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Electronic Design

Build Your Own PC Board: A Designer's Dream

LPKF's ProtoMat S62 desktop milling machine exceeds designers' expectations with its mini learning curve coupled with low cost and fast turnaround.

Electronic Design engineers cast their votes on the most popular Leapfrog article of this year and... insert drum roll here... the winner is LPKF Laser and Electronics' low-cost, S62 circuit-board plotter (Fig. 1). Not only is the article popular ("Build A Board In-House Without The Mess," March 31, p. 39, ED Online 9984), but the LPKF Laser and Electronics' webcast covering the S62 was and remains a very popular session.

The desktop S62 is a 3D milling machine designed to create pc boards. Its 10-tool autochanger enables it to handle a wide range of jobs (Fig. 2). The plotter's milling head travels at 150 mm/s, and the high-performance spindle motor ratchets up to 62,000 rpm. Also, its Z-axis movement permits depth in RF designs as well as very flexible modifications to non-pc-board materials (such as covers, photomasks, and labels).

According to LPKF's S62 sales manager Jim Greene, the S62s are rolling off the assembly line to customers as fast as the company can make them. Thanks to their $18,900 price tag, units can find homes in organizations that couldn't afford this type of technology in the past.

Many users cite the unit's fast turnaround as its key advantage (see "Two To Three Custom Jobs A Day," below, "Prototyping At The University Of New Brunswick," p. 90, and "Building PC Boards In British Columbia," p. 92 ). This feature had a major impact on numerous design aspects because it's now possible to crank out a new design as it's developed. The S62 also makes incremental changes, fixes, or enhancements practical. Test, debug, refine can now be the mantra for both board development and software.

The ability to quickly create a single board means that developers can verify their design before making additional boards. This avoids wasted boards when a major design defect is found. Even minor fixes can be easily accommodated.

When it comes to media, many designers are starting to appreciate flexibility. The S62 can cut photomasks, pockets in microwave boards, covers for boxes (including holes for sockets), and much more.

Most S62 users are experimenting with these features, which can enable them to create customized boards and boxes for individual projects. This is in contrast to pc-board houses, which are set up to make dozens of identical boards per run. These houses still play a part for many S62 users because they do excel in volume production compared to the S62. You won't make thousands of identical boards with the S62, but a dozen or more is well within the in-house breakeven point.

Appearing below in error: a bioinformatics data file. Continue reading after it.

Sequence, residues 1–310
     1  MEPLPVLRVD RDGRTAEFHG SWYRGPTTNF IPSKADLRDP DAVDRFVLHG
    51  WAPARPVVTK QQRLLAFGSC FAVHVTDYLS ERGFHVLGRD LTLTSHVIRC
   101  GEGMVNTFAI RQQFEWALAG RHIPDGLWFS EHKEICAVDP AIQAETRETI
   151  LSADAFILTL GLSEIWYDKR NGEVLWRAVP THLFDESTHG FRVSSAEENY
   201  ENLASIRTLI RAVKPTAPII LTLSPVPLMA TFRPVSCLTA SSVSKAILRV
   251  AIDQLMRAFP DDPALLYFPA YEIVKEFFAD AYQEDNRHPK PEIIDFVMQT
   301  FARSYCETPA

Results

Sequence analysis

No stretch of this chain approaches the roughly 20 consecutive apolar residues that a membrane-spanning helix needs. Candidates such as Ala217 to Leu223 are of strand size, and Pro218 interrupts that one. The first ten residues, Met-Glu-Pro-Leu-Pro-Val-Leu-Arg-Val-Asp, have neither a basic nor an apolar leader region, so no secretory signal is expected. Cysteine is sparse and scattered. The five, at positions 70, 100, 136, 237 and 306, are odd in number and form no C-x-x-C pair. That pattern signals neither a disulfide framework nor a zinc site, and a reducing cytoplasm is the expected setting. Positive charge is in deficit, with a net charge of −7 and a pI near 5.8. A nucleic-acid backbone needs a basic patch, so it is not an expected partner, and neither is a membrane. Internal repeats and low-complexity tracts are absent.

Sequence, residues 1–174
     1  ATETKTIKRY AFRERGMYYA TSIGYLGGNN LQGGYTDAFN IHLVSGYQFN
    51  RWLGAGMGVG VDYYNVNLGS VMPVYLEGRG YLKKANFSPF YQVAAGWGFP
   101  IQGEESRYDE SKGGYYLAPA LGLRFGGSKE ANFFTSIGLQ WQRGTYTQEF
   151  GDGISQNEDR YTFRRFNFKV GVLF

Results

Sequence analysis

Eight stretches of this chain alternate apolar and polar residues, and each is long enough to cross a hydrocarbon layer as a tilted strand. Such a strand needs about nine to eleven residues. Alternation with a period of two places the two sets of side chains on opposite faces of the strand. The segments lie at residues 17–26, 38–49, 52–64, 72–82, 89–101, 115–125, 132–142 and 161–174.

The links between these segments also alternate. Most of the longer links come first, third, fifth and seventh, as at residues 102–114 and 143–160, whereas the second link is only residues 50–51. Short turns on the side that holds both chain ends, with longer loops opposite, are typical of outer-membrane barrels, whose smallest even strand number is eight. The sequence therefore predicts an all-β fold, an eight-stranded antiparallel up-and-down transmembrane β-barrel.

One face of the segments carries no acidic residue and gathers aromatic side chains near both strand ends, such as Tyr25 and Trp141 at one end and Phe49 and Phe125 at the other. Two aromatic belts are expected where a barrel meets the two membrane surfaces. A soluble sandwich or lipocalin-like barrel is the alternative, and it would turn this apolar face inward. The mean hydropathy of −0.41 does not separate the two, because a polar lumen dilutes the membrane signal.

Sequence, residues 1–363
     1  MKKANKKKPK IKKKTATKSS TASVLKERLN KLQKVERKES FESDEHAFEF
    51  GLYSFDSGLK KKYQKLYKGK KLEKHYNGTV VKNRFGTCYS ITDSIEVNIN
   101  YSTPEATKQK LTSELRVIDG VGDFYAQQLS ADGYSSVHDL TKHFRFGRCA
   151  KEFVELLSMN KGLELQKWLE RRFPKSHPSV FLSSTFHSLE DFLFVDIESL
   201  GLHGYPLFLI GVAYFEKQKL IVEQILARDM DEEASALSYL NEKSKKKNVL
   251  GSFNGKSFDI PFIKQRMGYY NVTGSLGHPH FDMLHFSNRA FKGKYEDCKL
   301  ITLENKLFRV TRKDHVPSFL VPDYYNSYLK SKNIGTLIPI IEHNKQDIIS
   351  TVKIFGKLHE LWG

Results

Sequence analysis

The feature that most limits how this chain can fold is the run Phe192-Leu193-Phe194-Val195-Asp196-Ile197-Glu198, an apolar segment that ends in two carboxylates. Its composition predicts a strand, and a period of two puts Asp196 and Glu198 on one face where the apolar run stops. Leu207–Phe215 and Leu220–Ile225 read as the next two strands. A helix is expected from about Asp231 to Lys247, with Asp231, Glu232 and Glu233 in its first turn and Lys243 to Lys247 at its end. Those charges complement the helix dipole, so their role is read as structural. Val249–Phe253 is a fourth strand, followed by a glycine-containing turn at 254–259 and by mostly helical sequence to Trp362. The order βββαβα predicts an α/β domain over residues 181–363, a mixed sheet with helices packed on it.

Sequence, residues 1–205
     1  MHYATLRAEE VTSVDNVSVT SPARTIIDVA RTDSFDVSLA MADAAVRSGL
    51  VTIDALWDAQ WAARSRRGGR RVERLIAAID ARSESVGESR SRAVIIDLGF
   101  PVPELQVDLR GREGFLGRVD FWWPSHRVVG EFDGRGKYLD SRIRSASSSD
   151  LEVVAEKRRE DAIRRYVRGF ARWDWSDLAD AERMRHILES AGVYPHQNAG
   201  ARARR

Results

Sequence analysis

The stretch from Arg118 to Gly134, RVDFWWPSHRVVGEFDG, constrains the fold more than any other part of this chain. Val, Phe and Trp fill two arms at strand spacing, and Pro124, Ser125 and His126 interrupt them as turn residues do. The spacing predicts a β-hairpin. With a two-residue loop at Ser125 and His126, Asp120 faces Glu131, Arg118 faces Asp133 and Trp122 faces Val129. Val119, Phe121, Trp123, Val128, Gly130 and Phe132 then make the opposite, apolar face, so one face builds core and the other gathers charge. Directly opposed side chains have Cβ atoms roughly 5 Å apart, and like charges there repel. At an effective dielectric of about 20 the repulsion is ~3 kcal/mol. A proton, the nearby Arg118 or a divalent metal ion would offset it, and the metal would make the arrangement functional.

Inhouse pc-board creation isn't new. But it was never cleaner and as inexpensive as with the S62. Moreover, developers can keep control of a design. The CIA and NSA aren't the only organizations that will restrict access to a board.

Proprietary intellectual property (IP) is often the centerpiece of a company's product design, and this is often embodied in the pc board. The S62 simplifies security management, because physical security is typical within this workplace.

The S62 also has other implications when combined with the fiducial recognition camera used for repeated operations on a pc board or other material. The ability to add more circuitry to an existing board enables delivery of custom boards, depending on the application and buyer. A supply of partially configured boards can be updated easily using the S62. Likewise, a board consumer could use an S62 to add circuitry to a virgin part of a pc board.

S62 users discover that there's a short learning curve. Not even sophisticated and very compact designs can hold back novices. If the pc-board design software can generate it, then the S62 usually is able to comply.

Developers can push the size limits of their design because there's little cost to trying out a design. A newer, more compact design only requires a pc-board design change and a new board from the S62.

Because operating the S62 requires minimal training, virtually anyone can handle the job of actually setting up and running the unit. Of course, developers love to get their hands on it because they don't have to wait for someone else to configure the system. Unfortunately, they often must wait in line due to the units' popularity among other groups within their own organization. Luckily, it's easy to hide the S62. It's self-contained, small, and quiet. Just attach a PC via a USB cable to drive it.

Milling pc boards isn't new. Units that are larger and more expensive than the S62 have been available for years, many from LPKF. But the price, size, and ease of use cause S62 users to make a quantum leap to change how they design and what designs they can consider.

The ProtoMat S62 has proven to be extremely popular. However, you can be on the lookout for another soon-toarrive unit from LPKF Laser and Electronics—the less expensive S64 forgoes the tool auto-changer, which isn't always required.

LPKF Laser and Electronics

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